I say water, you say…

This board (pictured above), displayed at World Water Week leads with the title "I Say Water, You Say..." and aptly illustrates the diverse ways in which water matters to different people. World Water Week 2013 has brought together 2,500 people from all over the world. They represent NGOs (non-governmental organisations), international agencies, governments and private companies. As several speakers have noted during this week, pretty much everyone is interested in water in some way, but they all come with different perspectives. Whilst NGOs may be interested in water for basic needs, a government may be interested in water as a security issue. And whilst a farmer may be interested in water for crops, a pastoralist may need water for livestock. At the launch of the Young Professionals Day, discussions centred on the five following issues, each of which involves water in different ways:

  • water and sanitation
  • climate change
  • water and food
  • water and energy
  • transboundary issues
  • ecosystems

Water and sanitation are basic needs and basic human rights. As discussed by Dr Peter Gleick in his keynote speech, the failure to deliver on these rights is perhaps one of the greatest failures of the 20th century. Meanwhile, several discussions have taken place over the week regarding the links between water and food. This includes developments in mapping the trade in virtual water: when we trade, we don’t just trade products such as food, we trade water. The water and energy debate is fairly new, but we at FRANK know from our own experience that the lack of energy can make water supply difficult, and vice versa. Meanwhile, as discussed in yesterday’s blog, transboundary issues around rivers are highly political. And ecosystems are a fundamental part of the equation and one that, according to Gleick, we have historically neglected.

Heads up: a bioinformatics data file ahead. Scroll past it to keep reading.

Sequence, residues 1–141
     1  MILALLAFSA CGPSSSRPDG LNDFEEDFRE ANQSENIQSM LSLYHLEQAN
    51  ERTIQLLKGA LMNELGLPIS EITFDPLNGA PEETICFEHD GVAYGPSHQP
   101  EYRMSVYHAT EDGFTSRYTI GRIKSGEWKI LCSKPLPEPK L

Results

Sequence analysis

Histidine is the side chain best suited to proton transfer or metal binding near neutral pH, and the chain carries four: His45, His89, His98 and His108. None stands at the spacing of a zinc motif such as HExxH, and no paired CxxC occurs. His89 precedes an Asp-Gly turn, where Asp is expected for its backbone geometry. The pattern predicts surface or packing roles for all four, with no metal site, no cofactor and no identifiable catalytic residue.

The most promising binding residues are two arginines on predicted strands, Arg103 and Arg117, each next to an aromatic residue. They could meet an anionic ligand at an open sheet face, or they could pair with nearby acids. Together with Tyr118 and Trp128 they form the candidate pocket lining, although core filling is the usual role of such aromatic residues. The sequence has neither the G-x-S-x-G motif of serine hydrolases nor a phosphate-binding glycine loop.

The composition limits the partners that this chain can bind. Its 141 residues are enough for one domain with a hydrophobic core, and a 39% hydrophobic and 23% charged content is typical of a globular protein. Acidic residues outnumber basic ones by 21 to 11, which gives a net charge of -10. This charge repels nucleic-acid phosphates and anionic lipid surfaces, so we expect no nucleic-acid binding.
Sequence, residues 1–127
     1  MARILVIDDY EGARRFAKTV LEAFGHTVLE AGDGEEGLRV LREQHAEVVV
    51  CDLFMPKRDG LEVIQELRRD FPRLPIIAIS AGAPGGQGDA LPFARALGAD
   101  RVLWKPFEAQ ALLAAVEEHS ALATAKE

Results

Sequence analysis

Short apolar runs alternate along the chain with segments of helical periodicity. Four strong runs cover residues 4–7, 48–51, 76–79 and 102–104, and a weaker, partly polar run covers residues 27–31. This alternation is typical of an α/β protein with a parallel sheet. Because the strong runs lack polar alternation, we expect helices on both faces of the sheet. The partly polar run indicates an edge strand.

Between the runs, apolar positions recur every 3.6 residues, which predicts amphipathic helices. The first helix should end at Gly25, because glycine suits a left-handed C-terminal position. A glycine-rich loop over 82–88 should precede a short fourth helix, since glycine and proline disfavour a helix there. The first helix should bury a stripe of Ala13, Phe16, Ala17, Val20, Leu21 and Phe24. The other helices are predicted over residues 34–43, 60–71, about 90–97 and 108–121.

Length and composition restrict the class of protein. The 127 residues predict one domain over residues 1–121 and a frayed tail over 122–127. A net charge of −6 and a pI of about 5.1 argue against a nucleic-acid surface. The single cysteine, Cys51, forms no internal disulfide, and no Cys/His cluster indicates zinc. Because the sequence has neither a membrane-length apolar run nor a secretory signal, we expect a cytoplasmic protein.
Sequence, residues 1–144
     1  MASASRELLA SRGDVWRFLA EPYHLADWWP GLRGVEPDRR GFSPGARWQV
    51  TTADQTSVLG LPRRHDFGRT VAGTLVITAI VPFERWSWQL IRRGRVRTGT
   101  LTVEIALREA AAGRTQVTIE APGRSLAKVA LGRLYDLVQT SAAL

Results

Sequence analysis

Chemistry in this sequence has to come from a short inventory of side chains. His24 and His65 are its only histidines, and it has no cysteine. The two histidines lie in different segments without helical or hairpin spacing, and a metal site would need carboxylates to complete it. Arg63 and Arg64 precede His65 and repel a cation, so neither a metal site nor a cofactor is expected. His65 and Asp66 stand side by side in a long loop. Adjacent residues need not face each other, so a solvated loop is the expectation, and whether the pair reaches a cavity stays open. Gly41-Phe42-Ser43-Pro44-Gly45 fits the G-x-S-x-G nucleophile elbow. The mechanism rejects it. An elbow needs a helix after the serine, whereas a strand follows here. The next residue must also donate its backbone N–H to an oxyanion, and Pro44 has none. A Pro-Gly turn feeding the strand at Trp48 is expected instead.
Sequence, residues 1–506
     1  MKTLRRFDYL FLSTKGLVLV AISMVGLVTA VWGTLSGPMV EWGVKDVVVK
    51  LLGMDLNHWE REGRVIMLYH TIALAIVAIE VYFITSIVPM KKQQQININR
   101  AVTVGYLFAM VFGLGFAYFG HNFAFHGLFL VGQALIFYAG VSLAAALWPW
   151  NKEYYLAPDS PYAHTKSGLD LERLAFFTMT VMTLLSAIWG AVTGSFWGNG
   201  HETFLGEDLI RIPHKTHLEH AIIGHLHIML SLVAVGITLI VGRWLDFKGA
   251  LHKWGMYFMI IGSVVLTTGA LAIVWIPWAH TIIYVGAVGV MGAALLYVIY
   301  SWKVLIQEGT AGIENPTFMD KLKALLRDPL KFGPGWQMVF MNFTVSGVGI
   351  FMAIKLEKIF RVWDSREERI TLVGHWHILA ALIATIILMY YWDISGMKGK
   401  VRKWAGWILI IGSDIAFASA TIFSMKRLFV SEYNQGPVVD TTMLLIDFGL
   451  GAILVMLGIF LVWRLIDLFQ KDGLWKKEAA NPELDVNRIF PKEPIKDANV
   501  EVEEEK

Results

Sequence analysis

These are all distinct and complex issues. But during discussions over roundtables, some common themes emerged: firstly, the need to go beyond top-down approaches. Schemes which aim to create change, without first engaging with people to understand their concerns, are doomed to failure. Secondly, there is a gap between public awareness and policy, and better communication could be established between the public and policymakers. Finally, in each of these sectors there is a gap between what we know and what we do. More research is needed, but at the same time, more effort needs to go into translating that research into action. A fantastic example was cited of an Indian programme specifically designed to educate policymakers on WASH (water, sanitation and hygiene issues). In the UK, meanwhile, the Open University is looking to launch a WASH module which will be open to anyone in the world, using online resources and case studies provided by local partners. These kinds of constructive examples provide the basis on which future collaboration should be built.